The Xenoblade Chronicles 3 Future Redeemed Radio & Ending Made Me Lose My Mind
The final set of DLC for the Monolithsofth JRPG Xenoblade Chronicles 3 recently launched, concluding a series of character arcs and storylines set in motion for over a decade. Titled Future Redeemed, this significant DLC did, for me, as the tin says, somewhat redeem an entry I’m lukewarm on.
Honestly, I’ve only ever been a casual fan of the Xenoblade Chronicles games for various reasons, and 3 specifically felt like a husk of fantastic concepts not adequately realized. Yet, Future Redeemed, for the most part, tackled its subject matter simultaneously compellingly and succinctly. Seeing as this isn’t a review, though, what shocked me the most was the entire ending section. I had to pause the game and pace around for a solid minute, trying to comprehend the gravity of what I was hearing and seeing.
Of course, you should not be reading this if you have not yet played through Future Redeemed or care about spoilers. So running on the assumption you either don’t care about spoilers or have, in fact, completed Future Redeemed, the ending scenes directly reference the Xenosaga series, not subtly, but very, very explicitly.
I will also mention a few Xenosaga plot points, just in case you’d rather play those games at some point.
When Matthew and the party reunite with Na’el in familiar modern scenery, a certain radio plays in the background, dropping bombshells left, right, and center. The contents of this radio, even as someone who hasn’t played the Xenosaga titles in well over a decade, immediately caught me off guard.
Firstly, the logo of the radio itself states Vector, representing the Vector Industries from the Xenosaga entries. This company is indescribably integral to the story, with one of the reasons being that the protagonist, Shion Uzuki, works for the CEO, Wilhelm. And to no one’s surprise, they’re seemingly involved with several layers of darkness and conspiracy, which becomes clearer throughout Xenosaga.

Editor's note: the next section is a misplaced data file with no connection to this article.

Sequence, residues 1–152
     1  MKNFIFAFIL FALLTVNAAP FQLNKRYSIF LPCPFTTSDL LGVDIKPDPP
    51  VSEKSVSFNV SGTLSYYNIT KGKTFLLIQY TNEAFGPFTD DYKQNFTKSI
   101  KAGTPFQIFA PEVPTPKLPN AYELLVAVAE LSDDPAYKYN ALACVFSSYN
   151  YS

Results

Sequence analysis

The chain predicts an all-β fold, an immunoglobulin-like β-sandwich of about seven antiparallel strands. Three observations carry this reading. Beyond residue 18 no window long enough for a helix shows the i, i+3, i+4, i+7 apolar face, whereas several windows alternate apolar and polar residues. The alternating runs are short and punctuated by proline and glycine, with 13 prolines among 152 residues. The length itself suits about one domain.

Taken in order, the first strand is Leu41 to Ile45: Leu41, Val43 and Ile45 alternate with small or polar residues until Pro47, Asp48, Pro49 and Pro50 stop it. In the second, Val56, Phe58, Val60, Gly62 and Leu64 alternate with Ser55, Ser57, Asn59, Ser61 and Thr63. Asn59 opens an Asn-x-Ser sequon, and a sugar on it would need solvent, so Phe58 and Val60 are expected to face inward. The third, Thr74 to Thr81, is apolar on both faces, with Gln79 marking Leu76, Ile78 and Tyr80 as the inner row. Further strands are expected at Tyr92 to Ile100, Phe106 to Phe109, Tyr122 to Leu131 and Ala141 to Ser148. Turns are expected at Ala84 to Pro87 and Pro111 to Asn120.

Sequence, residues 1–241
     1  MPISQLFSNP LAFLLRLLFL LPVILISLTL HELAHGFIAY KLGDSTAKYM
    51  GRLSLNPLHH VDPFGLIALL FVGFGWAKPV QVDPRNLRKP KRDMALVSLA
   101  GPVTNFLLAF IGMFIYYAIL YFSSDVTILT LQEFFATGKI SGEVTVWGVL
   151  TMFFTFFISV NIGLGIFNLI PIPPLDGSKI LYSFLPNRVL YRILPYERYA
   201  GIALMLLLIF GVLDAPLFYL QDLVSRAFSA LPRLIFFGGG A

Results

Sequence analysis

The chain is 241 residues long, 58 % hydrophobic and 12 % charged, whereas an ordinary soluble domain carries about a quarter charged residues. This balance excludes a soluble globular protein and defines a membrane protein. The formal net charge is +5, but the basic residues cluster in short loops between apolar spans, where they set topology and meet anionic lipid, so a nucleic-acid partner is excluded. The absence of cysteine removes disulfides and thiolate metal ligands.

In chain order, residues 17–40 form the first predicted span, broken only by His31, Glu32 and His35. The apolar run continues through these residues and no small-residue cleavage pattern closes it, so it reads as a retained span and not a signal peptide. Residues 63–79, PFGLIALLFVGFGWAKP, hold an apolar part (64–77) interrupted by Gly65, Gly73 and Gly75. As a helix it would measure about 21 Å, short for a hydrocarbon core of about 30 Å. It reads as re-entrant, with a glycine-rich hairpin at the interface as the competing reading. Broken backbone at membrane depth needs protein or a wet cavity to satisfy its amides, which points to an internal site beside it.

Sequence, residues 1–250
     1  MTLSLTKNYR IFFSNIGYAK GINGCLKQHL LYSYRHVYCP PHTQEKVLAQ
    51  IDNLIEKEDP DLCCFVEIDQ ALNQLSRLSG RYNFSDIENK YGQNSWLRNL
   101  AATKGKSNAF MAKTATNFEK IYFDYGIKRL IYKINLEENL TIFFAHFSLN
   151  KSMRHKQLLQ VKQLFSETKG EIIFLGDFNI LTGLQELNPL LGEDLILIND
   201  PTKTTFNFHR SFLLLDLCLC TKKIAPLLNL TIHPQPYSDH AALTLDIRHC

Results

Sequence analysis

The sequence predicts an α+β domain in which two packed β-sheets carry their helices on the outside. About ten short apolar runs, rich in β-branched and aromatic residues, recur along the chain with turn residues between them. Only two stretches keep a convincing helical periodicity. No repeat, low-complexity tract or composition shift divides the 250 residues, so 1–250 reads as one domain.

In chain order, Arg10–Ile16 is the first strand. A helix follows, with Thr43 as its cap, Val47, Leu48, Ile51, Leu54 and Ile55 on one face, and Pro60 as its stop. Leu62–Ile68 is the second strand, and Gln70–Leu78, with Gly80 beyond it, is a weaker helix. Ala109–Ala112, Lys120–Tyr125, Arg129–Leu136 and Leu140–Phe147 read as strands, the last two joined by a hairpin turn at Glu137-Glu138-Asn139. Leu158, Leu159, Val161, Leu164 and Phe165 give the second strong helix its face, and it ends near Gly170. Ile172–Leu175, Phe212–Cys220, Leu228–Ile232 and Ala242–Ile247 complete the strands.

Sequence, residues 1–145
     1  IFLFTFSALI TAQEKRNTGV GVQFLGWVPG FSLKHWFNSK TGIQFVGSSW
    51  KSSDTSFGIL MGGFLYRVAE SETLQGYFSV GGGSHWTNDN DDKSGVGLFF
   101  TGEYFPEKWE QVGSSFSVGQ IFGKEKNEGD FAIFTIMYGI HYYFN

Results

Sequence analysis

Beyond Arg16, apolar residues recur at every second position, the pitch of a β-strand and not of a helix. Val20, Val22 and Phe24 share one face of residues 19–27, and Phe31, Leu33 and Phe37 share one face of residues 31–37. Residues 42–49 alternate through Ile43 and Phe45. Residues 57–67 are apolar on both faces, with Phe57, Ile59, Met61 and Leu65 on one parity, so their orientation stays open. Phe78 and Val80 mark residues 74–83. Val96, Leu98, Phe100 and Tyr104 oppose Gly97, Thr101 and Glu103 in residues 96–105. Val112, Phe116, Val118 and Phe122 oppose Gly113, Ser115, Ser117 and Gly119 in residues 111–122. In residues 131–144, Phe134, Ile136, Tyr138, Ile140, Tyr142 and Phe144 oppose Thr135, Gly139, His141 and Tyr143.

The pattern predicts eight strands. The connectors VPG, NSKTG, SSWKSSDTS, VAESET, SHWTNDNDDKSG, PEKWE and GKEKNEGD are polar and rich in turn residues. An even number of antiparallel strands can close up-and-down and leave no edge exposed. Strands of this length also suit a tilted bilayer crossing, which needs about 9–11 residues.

Next, the most obvious reference is Dmitri Yuriev, a prominent antagonist in Xenosaga Episode III. If you’re watching blind playthroughs of Future Redeemed, one’s reaction to Dimitri’s name pretty much determines their familiarity with Xenosaga.
Well, it is a bit strange, admittedly. Because in Xenosaga, Dimitri is spelled Dmitri; this could be a correction for a potential mistranslation from Xenosaga or a mistranslation altogether. Regardless, the last names are identical, so I’m willing to bet it’s the same character. There is…a lot that goes on with Dimitri that deserves an article all on its own. For instance, he’s a Designer Child, a genetically altered human with drastically enhanced characteristics who lived for well over a century. He even headed his own research Institute.
Interestingly, and perhaps humorously, the last line from the radio is a comment from Dimitri regarding the proposed Saviorite Human Rights Protection Bill, simply saying, “Please stay with us.” Is that a meta line from Monolithsoft asking us to look forward to whatever future this franchise has in store, or am I reading too much into it? It’s probably the latter, but it’s a thrilling notion.